• If nations could agree a carbon tax, it would help create a more efficient, less polluting future, argues Martin Wolf
  • In Syria, opposition fighters struggle to navigate a war that seems to advance every agenda except ending Assad’s regime
  • If you measure Benjamin Netanyahu’s performance by the applause, his speech to the US congress hit the mark – but it may look very different in hindsight, writes Ed Luce
  • Boris Nemtsov was a very different kind of liberal or “ultra-liberal” (Pandodaily)
  • In a chaotic Middle East, America’s allies create as many problems as they solve (Brookings Institute)

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Benjamin Netanyahu is making his third appearance before a joint meeting of the US Congress on Tuesday morning in Washington.

In what is set to be a very controversial speech, he is expected to highlight what the Israeli leader insists are the risks of a nuclear deal with Iran

By Mark Odell and Sam Jones, Defence and Security Editor, and Siona Jenkins, Middle East and Africa news editor

 

Just as talks between Iran and world powers to nail down a deal restricting Tehran’s nuclear programme enter a decisive phase, the Islamic Republic last week put on a show. The Islamic Revolutionary Guard Corps (IRGC) placed a mock-up of a US aircraft carrier in the Strait of Hormuz at the entrance to the Gulf, and then blew it out of the water. For the IRGC, praetorian guard of the Shia theocracy, it would not do to show flabby muscle tone at this juncture, to the US or its Gulf Arab neighbours.

In Washington, meanwhile, another form of triumphalism is on display. Benjamin Netanyahu, prime minister of Israel, is tomorrow due to address the US Congress – at the invitation of its Republican leadership – and is expected to say that the nuclear deal under discussion amounts to capitulation to Iran and will allow it to build an atomic bomb. As well as a brazen electoral stunt before Israel goes to the polls on March 17, this is a calculated snub to President Barack Obama. Mr Netanyahu is flaunting his ability to go around the White House to Congress, where ordinarily he enjoys the near unanimous support he could only dream of in the Knesset at home. Read more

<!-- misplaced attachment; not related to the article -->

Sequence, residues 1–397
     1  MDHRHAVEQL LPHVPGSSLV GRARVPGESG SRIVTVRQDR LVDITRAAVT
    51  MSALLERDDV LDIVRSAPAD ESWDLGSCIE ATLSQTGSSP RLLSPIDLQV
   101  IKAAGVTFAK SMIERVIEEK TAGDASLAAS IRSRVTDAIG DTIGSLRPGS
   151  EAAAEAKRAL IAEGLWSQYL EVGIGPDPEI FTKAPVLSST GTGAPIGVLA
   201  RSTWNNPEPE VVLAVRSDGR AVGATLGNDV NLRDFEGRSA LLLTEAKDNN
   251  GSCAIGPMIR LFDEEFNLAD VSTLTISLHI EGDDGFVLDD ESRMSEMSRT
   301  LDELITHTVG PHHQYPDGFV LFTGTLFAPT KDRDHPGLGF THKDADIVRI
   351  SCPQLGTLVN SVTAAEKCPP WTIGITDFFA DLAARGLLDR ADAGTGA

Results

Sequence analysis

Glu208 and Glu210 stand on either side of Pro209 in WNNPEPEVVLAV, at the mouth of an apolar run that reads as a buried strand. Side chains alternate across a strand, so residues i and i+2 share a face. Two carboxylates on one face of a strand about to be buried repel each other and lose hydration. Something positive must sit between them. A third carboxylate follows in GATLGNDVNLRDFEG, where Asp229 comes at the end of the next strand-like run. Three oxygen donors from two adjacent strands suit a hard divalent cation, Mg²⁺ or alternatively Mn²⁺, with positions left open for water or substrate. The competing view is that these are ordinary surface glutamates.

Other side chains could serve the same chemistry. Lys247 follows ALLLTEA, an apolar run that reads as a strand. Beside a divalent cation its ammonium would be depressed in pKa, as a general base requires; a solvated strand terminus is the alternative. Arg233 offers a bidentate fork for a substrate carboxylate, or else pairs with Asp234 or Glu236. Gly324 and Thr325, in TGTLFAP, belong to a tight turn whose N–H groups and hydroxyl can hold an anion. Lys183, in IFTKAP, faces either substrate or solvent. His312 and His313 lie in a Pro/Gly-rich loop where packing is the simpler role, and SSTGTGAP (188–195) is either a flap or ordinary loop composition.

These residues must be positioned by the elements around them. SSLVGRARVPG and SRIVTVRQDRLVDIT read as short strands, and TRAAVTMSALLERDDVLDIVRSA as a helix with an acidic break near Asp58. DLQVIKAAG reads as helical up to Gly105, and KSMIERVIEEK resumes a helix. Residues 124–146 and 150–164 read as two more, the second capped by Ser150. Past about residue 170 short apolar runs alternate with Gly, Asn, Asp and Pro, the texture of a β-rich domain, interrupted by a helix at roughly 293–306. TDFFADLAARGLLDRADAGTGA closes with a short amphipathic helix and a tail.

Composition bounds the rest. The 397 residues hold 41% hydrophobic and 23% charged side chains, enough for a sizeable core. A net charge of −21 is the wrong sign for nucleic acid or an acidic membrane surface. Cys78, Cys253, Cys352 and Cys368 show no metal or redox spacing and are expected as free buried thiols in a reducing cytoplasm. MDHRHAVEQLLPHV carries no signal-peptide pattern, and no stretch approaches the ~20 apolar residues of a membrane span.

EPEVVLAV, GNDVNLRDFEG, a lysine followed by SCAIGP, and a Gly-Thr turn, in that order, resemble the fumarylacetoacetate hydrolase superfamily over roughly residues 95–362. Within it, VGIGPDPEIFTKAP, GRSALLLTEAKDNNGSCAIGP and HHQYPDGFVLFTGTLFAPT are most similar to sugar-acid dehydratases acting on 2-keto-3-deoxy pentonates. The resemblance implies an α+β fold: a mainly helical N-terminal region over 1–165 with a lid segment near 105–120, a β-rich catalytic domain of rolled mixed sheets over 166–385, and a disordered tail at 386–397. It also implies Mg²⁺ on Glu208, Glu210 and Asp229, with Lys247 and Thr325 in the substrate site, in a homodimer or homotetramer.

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How strong is the Islamic State?
Islamist terrorists have grabbed headlines in the Arab world with horrific atrocities, but there are signs their influence may be on the wane. Gideon Rachman discusses the extent of their power with Borzou Daragahi and David Gardner.

Vladimir Putin with Hungarian prime minister Viktor Orban

In the West, Vladimir Putin is often viewed as something of an international pariah. Shift your perspective, however, and it is quite striking how many international friends, the Russian president has cultivated.

Mr Putin, who enjoys posing bare-chested, is particularly good at making friends with other “strongmen”. His roster of special friends include Abdel Fattah el-Sisi, the president of Egypt, Recep Tayyip Erdogan, the president of Turkey, Benjamin Netanyahu, the prime minister of Israel, and Jacob Zuma, the president of South Africa. This week, Mr Putin has also been demonstrating that he is capable of finding pals even inside the “enemy camp” – the European Union. The EU may have imposed sanctions on Russia over Ukraine, but that has not stopped Viktor Orban, the prime minister of Hungary – and another self-styled strongman – from rolling out the red carpet for Mr Putin. Read more

The scenes of chaos during President Jacob Zuma’s speech at the opening of South Africa’s parliament last week will be remembered as one of the darkest days of the post-apartheid era

Visitors from the Chinese mainland to Hong Kong are known as “locusts” and now a long-simmering resentment at their presence in the territory is boiling over into angry protests

Greece must impose capital controls or repeat the costly mistake of Cyprus, where emergency funding from the ECB was spirited out of the country, argues Hans-Werner Sinn

What Isis Really Wants: The Islamic State is no mere collection of psychopaths. Here’s what its beliefs means for its strategy – and how to stop it (The Atlantic)

Washington’s uneasy partnership with Tehran now extends to Yemen (Foreign Policy)  Read more

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  • Greece’s privatisation programme, ordered under the terms of its international bailout, was falling far short of targets even before the country’s new left-wing government vowed to scrap further sales of state assets
  • Following Isis’ brutal execution by immolation of captured Jordanian pilot Muath al-Kasaesbeh, many in the country have called for a deeper military commitment against the jihadist group
  • Foreigners are leaving Russia in unprecedented numbers, reflecting a worsening economic outlook as western sanctions bite
  • The west’s inability to comprehend how Vladimir Putin sees the world means it has trouble thinking constructively about how to deal with him (The American Interest)
  • A convicted al-Qaeda operative has claimed that more than a dozen prominent Saudi figures were donors to the terror group and that a Saudi diplomat discussed with him a plot to shoot down Air Force One (NYT)